With the help of a Catholic priest, the family escape from Germany.
W.G: My father was released and came home and so then we immediately made an effort to get out of Germany, and to get out of Germany it was not feasible to use public transportation because it was too dangerous and with two kids you would be held up all over the place as we were at the border, so my father’s First World War friend, who he was with right through the four years at the French Front, Franz Grosse-Wietfeld, he drove us to the border. He was able to do this because he was a Catholic priest and he was Papal Nuncio to Westphalia, which meant he was a fairly high-ranking individual.
He was the Vatican’s representative to Westphalia, Münster being a largely Catholic area, and most people there were Catholic. Archbishop von Galen, who was a very interesting individual, was Archbishop at the time but Franz Grosse-Wietfeld didn’t have the okay of the Catholic Church at the time.
The Catholic church were having trouble with some of their own priests like Franz Grosse-Wietfeld who were helping political prisoners who were unjustly being put under pressure and Jews as well, so, but just for the record, the Rabbi [Dr Julius Voos] in Münster who had been there for some years, after Kristallnacht went to seek an audience with Archbishop von Galenabout the pressures that Jews were being put under and being put to death and so on and the Archbishop’s reply was, essentially, ‘You brought it on yourselves.
You didn’t accept Christ’.
You can check that out with the book and that was the general attitude. But the fact that people were people - well, Jews apparently weren’t people, even though Jesus was a Jew. But nevertheless I have to emphasise that a Catholic priest - Franz Grosse-Wietfeld, saved my life.No doubt about it because when we got to the border…
I spoke to Uncle Franz in 1951 when I was back in with my mother and I said, ‘What exactly happened at the border’. He said, ‘Well, you know, we went to the border and Franz was a big guy and his nickname was Kürbiskopf, which meant cabbage head [pumpkin head], amongst his friends and clerical colleagues.
He was a big guy, and this little SS guy was trying to give my father problems even though all the papers were in order. He was saying, ‘You have to do this and this’ and so on. Franz walked in front of my father, right in front of this little guy whose nose made it all the way up to the middle of his chest and he said in German ‘Tu mir was’ or as Clint Eastwood would say, ‘Make my day’.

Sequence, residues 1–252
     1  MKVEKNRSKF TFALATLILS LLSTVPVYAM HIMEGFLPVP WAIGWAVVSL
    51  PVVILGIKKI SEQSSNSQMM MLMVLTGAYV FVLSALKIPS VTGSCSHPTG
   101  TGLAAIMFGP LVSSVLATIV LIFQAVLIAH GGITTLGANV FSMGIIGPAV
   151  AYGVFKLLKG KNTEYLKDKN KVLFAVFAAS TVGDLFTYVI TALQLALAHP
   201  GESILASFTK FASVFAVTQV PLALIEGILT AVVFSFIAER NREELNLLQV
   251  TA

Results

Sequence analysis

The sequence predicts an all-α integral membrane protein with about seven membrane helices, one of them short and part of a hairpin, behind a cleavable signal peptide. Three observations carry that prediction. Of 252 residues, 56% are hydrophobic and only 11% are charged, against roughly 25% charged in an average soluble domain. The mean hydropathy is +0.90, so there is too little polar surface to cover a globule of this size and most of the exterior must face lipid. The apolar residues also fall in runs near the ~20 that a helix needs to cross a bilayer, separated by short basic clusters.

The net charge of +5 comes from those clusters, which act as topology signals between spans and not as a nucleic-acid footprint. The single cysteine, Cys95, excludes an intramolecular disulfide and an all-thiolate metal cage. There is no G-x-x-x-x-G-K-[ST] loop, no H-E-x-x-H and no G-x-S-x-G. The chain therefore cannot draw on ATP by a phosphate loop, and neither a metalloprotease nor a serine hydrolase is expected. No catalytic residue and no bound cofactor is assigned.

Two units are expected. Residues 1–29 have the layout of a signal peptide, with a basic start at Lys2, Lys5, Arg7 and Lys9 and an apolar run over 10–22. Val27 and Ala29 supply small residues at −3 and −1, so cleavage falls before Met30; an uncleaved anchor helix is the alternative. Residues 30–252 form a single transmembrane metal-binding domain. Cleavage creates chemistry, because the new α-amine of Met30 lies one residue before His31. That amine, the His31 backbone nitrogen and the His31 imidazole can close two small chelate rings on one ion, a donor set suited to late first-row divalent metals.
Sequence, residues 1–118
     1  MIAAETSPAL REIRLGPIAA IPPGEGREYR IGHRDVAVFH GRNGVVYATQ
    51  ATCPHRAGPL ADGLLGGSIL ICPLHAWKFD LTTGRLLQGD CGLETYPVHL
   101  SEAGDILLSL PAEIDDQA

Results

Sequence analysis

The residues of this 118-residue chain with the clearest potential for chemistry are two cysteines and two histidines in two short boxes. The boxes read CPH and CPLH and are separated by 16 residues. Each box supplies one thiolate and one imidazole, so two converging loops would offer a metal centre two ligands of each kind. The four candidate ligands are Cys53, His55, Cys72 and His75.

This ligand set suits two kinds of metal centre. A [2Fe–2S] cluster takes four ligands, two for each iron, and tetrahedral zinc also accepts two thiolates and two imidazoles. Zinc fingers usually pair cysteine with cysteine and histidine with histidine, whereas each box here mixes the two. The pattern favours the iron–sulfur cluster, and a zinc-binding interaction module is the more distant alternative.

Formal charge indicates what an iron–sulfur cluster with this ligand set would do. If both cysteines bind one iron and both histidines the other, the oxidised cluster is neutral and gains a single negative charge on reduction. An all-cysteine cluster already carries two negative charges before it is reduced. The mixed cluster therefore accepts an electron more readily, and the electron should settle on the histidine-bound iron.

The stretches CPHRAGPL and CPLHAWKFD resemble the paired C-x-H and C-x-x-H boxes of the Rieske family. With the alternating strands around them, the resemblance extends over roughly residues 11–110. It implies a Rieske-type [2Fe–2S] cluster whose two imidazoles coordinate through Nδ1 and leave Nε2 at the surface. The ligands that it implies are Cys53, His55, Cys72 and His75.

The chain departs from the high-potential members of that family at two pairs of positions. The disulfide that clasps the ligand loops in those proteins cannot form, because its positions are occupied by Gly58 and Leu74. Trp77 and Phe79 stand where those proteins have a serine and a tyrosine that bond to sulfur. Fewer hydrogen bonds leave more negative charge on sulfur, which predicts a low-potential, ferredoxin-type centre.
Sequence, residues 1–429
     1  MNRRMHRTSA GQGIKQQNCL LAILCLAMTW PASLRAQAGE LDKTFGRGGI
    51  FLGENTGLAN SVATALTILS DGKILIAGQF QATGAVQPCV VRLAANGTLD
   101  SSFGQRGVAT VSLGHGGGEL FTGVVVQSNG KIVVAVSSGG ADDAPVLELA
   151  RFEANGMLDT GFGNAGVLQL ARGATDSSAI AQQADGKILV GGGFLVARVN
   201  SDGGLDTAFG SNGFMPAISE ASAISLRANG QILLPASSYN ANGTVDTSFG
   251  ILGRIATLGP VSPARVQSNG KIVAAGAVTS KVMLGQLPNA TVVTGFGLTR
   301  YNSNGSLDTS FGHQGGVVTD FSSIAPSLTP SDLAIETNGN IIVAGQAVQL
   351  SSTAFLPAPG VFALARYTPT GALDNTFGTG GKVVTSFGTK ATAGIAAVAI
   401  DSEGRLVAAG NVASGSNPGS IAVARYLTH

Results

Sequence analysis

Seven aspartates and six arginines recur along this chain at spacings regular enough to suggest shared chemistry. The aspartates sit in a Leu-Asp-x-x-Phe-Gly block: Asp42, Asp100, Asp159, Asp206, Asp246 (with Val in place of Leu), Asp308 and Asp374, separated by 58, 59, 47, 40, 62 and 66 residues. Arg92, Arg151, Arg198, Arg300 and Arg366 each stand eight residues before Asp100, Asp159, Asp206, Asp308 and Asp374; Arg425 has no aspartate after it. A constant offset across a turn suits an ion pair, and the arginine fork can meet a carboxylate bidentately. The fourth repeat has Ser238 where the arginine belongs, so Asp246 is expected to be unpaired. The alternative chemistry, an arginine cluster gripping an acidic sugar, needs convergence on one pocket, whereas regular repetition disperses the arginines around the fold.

He may hit me but Franz Grosse-Wietfeld would have knocked him really but he had to have the first and then he waved my father and my mother and us over the border and gave him papers and Franz Grosse-Wietfeld said it was that simple.
And he didn’t do himself much good because as a result of his attitude he was put under considerable pressure during the war. All sorts of things like phoning him up at two o’clock in the morning and no one would be on the phone, but he had to answer the phone because as a priest he had to say Last Rights and so on so he couldn’t just say, ‘To hell with the phone!’ so there were all sorts of ways of putting pressure on people.
INT: Did he survive the war?
WG: Yes he did. He actually died in a train accident in 1961 but he survived the war.
INT: Was he arrested or put in a concentration camp?
WG: No, no he wasn’t; no they couldn’t. Münster was pretty solidly Catholic and Von Galen’s attitude was rabidly anti-Nazi, completely.
Now he had a reason because he was actually Graf von Galen.He was landed aristocracy and he gave his title to his younger brother so he wasn’t just an archbishop, he was really somebody, nobility so to speak, and had fantastic sway so even the Nazis couldn’t quite grab this guy; they couldn’t do it. They never went in the Dom, which is the cathedral, so he was an absolute German patriot.
The German aristocracy really weren’t Nazis; they wouldn’t lower themselves to become members of the Nazi Party to start with. That doesn’t mean to say they weren’t financiers of the Nazi Party but I spoke to some of them after the war. It’s interesting.
INT: So you’re in Holland with no car. How did you get…?
WG: Well we were picked up in the morning by my mother’s uncle. My grandfather had three brothers and a sister and one of them lived in Holland. I believe they’d moved there before 1930. His wife was Dutch, I guess, and they didn’t survive the war, though, but that’s another one and we were there a week.
So a week before the outbreak of the Second World War, a week before the end of August, we went to Britain. We moved to Britain.
My father had managed to get a transit visa to Britain. He wanted actually to get a complete visa for the whole bunch to Britain but couldn’t, but he got a three months transit visa through a cousin of his who was already in Britain, who went in 1933.
INT: So he managed to get you visas?
WG: He got us transit visas for three months so we were in Britain and so after a week in Britain the war broke out and all transportation was stopped.
Then we were actually in London with the cousin of my mother’s, my mother’s aunt, and then all Jews that were illegal aliens, which we were, weren’t allowed to stay there because it was a strategic area and they figured there would be an invasion and why would they need German spies there, which we were considered to be - what do they know about us - so we had to get out of there so we went to Manchester en route to Glasgow.